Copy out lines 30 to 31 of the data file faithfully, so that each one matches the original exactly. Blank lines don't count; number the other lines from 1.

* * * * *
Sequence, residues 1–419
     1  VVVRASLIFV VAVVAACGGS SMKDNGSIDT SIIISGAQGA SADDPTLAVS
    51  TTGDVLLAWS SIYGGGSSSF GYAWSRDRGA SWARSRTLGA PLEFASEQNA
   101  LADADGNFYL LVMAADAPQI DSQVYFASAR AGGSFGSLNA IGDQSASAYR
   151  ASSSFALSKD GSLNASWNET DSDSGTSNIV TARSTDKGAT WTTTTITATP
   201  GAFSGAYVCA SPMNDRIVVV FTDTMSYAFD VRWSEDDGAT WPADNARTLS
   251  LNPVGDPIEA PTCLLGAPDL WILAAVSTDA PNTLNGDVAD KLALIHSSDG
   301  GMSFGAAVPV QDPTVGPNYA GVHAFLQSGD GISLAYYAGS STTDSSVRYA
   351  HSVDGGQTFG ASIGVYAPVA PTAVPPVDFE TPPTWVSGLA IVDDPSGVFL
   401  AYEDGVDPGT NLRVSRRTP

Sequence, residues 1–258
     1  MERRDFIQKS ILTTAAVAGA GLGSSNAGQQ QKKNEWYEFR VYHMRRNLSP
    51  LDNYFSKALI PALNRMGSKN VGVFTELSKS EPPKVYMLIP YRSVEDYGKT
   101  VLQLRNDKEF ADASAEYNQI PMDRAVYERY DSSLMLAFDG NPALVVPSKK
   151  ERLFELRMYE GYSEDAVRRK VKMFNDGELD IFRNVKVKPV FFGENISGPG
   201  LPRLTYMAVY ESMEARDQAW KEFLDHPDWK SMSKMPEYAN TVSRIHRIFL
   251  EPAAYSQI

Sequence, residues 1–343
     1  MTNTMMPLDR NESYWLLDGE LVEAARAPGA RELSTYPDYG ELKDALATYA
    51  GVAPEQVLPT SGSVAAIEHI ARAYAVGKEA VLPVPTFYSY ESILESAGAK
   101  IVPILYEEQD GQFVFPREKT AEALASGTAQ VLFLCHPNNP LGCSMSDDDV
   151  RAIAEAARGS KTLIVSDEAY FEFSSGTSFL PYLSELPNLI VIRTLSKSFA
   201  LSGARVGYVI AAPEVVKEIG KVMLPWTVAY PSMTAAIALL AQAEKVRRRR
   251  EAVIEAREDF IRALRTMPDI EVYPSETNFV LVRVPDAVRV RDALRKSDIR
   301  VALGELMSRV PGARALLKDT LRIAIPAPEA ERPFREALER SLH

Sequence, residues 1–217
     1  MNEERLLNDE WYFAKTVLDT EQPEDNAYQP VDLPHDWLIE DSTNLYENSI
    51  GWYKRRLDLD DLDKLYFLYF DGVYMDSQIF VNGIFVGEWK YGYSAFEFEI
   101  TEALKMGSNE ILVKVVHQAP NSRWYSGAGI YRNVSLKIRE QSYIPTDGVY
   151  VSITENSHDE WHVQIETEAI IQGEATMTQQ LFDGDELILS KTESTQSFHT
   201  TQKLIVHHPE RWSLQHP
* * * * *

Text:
   151  VSITENSHDE WHVQIETEAI IQGEATMTQQ LFDGDELILS KTESTQSFHT
   201  TQKLIVHHPE RWSLQHP